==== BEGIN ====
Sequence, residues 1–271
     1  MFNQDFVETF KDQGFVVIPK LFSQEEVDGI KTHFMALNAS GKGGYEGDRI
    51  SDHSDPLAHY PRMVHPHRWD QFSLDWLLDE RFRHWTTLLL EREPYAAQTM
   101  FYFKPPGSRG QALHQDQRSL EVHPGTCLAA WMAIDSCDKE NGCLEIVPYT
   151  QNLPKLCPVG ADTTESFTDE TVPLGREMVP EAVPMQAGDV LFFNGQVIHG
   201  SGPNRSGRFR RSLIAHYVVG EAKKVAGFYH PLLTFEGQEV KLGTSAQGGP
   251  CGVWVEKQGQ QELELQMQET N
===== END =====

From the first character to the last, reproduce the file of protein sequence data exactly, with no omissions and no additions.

Sequence, residues 1–271
     1  MFNQDFVETF KDQGFVVIPK LFSQEEVDGI KTHFMALNAS GKGGYEGDRI
    51  SDHSDPLAHY PRMVHPHRWD QFSLDWLLDE RFRHWTTLLL EREPYAAQTM
   101  FYFKPPGSRG QALHQDQRSL EVHPGTCLAA WMAIDSCDKE NGCLEIVPYT
   151  QNLPKLCPVG ADTTESFTDE TVPLGREMVP EAVPMQAGDV LFFNGQVIHG
   201  SGPNRSGRFR RSLIAHYVVG EAKKVAGFYH PLLTFEGQEV KLGTSAQGGP
   251  CGVWVEKQGQ QELELQMQET N